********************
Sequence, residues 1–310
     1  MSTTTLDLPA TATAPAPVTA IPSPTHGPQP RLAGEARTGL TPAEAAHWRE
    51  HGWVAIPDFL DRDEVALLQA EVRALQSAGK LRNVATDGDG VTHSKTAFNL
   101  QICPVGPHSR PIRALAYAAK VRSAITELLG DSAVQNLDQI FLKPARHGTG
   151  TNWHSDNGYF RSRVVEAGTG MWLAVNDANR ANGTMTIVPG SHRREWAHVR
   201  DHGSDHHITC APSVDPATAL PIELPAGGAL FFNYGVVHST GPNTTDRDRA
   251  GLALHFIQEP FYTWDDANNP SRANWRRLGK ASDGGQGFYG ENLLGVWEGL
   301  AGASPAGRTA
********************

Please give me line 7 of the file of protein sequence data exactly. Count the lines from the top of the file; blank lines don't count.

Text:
   251  GLALHFIQEP FYTWDDANNP SRANWRRLGK ASDGGQGFYG ENLLGVWEGL